By Pat Pepper
On May 1st around 6 p.m., I was looking at the birdfeeders behind the Hiram Butler house. Sitting on the tray of the large wooden feeder was a male and female Rose-breasted grosbeak. There is a very small window of opportunity to see these birds at your feeder, so it is always exciting when opportunity turns into reality.
Rose-breasted grosbeaks only migrate through Georgia in spring and fall. A few of them, however, will stick around for the summer in Georgia’s higher elevations. I have seen them in the summertime in the trees around the parking lot at Brasstown Bald, Georgia’s highest elevation. If you have never been to Brasstown Bald, consider a day trip there. The views of the North Georgia mountains are spectacular, and you might even see another bird only found in that area of Georgia; the Common Raven.
I distinctly remember the first time I saw a male Rose-breasted Grosbeak. I was upstairs in my home working at the computer when my husband, Denson, called out to me, “Pat, come look at this bird!” My husband is not a birder, but he does recognize a new bird at our feeders. I quickly ran downstairs and looked out the window at the feeder. There, in all his neo-tropical glory, sat a male Rose-breasted Grosbeak. I was amazed at the beautiful red, white, and black markings of this bird. I told my husband I didn’t know the name of the bird, but that I would look for it in my field guides. Ever since that time, I keep a look out in the spring and fall migrations for this beautiful bird’s return. He never disappoints me.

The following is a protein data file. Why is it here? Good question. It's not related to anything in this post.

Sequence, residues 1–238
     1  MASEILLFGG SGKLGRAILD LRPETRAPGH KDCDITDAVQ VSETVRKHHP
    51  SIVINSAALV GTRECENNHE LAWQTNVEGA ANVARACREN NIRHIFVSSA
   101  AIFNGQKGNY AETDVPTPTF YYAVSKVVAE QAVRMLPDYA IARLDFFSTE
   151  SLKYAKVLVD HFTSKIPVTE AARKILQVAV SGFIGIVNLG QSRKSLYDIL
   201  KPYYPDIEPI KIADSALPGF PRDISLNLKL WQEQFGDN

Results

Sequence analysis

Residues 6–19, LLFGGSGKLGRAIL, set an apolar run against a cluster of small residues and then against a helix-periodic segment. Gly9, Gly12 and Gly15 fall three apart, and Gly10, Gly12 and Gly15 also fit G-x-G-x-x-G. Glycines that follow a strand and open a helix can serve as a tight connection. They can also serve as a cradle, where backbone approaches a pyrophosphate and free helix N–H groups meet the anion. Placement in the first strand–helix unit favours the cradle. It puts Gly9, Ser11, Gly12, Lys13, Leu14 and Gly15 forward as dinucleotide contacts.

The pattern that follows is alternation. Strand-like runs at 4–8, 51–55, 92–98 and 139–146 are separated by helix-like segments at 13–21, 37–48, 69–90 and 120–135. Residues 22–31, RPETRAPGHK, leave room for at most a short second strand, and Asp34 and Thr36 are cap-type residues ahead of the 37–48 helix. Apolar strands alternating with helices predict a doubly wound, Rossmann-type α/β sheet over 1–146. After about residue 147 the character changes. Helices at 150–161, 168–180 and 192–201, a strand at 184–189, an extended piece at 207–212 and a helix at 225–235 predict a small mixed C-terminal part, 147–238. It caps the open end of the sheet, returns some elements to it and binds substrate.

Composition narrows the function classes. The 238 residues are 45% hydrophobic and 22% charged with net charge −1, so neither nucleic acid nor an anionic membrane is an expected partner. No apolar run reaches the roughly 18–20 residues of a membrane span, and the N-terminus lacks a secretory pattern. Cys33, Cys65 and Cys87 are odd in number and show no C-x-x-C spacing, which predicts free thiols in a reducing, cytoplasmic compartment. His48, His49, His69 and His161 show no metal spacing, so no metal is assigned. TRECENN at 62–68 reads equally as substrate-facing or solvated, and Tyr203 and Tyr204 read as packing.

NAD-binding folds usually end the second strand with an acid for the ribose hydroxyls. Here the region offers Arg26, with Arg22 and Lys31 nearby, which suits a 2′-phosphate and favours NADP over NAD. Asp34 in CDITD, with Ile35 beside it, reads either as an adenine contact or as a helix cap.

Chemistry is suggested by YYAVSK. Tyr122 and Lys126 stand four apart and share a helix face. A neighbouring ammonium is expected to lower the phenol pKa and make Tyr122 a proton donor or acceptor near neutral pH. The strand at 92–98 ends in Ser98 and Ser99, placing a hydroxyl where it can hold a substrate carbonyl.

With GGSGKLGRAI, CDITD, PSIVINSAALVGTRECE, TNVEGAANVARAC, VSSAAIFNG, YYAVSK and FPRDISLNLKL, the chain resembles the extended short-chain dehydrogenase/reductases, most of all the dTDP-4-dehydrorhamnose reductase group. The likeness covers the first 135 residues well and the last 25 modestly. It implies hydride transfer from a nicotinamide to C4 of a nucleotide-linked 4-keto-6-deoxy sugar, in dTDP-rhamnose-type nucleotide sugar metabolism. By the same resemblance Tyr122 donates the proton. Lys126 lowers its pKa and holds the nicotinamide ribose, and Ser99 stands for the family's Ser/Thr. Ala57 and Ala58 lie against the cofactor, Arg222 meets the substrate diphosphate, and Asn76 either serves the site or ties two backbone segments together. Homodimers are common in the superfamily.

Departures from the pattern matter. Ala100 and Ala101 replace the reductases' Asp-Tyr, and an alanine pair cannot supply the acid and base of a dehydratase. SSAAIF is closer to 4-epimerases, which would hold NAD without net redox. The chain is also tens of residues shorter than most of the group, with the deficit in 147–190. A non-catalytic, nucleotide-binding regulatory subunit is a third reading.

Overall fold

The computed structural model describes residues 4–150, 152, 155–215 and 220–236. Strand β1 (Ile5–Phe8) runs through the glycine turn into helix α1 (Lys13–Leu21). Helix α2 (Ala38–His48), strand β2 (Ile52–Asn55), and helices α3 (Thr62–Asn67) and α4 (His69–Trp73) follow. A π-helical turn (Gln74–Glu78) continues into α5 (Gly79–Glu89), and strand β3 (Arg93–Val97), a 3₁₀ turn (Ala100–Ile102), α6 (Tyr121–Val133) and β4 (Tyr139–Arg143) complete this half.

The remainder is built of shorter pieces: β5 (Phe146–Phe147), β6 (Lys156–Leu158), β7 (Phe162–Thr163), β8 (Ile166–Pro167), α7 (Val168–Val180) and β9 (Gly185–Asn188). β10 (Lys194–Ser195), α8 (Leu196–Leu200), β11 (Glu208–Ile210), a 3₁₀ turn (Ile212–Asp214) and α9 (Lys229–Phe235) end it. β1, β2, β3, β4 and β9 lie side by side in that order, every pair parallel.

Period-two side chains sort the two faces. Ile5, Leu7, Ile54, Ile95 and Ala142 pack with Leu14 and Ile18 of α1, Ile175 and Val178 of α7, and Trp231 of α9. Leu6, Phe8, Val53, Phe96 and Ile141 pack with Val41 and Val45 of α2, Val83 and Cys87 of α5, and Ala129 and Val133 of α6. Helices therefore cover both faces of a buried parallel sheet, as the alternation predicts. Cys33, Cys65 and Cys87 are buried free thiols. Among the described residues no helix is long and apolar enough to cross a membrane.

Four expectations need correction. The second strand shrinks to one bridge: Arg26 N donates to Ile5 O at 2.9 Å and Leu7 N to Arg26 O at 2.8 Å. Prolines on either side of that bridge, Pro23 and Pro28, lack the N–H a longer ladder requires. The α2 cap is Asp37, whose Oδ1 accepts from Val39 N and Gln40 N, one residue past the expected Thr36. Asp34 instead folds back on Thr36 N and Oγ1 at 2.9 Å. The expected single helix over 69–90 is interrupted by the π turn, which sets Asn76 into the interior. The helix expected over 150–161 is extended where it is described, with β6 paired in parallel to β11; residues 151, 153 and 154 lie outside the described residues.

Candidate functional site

Grosbeaks get their name because of their larger than average beaks. They use these beaks to crack larger seeds such as sunflowers. They are about 8” long, common in mature deciduous forests, and are usually solitary (non-flocking). The inserted picture is an adult male in breeding plumage. The female has quite different markings resembling a sparrow or finch. Sometimes you can find these birds in trees if they are calling because they have a very distinctive call. It has been described like the sound a sneaker makes on a gym floor—sharp and squeaky.
So, put out some sunflower seeds in the spring and fall (April, May, & Sept.) and enjoy this beautiful bird!
Here is a link to the Rose-breasted Grosbeak’s song and call: http://www.allaboutbirds.org/guide/rose-breasted_grosbeak/id
If you would like to learn more about your Georgia backyard birds, come out to one of my classes at the Gardens on the first Tuesday of the month from 5:30-7:30 pm and the second Saturday of the month from 8-10 am. Check the Calendar of Events section of this newsletter or call the Gardens for details (770-919-0248).Tags: Bird Watching, Pat Pepper, Rose-breasted Grosbeak